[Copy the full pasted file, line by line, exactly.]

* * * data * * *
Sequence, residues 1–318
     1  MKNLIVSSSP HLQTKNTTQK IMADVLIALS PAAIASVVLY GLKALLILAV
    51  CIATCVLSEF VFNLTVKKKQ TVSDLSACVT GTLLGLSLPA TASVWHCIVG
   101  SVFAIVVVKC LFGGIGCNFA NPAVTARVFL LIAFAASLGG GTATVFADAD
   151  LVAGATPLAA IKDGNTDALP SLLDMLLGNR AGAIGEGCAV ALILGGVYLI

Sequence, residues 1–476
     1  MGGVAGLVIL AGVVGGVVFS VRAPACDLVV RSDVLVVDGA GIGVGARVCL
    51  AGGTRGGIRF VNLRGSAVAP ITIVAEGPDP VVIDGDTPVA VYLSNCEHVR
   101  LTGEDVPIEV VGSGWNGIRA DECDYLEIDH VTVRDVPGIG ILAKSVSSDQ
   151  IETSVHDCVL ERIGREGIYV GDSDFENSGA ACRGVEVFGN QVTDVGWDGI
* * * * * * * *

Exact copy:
Sequence, residues 1–318
     1  MKNLIVSSSP HLQTKNTTQK IMADVLIALS PAAIASVVLY GLKALLILAV
    51  CIATCVLSEF VFNLTVKKKQ TVSDLSACVT GTLLGLSLPA TASVWHCIVG
   101  SVFAIVVVKC LFGGIGCNFA NPAVTARVFL LIAFAASLGG GTATVFADAD
   151  LVAGATPLAA IKDGNTDALP SLLDMLLGNR AGAIGEGCAV ALILGGVYLI

Sequence, residues 1–476
     1  MGGVAGLVIL AGVVGGVVFS VRAPACDLVV RSDVLVVDGA GIGVGARVCL
    51  AGGTRGGIRF VNLRGSAVAP ITIVAEGPDP VVIDGDTPVA VYLSNCEHVR
   101  LTGEDVPIEV VGSGWNGIRA DECDYLEIDH VTVRDVPGIG ILAKSVSSDQ
   151  IETSVHDCVL ERIGREGIYV GDSDFENSGA ACRGVEVFGN QVTDVGWDGI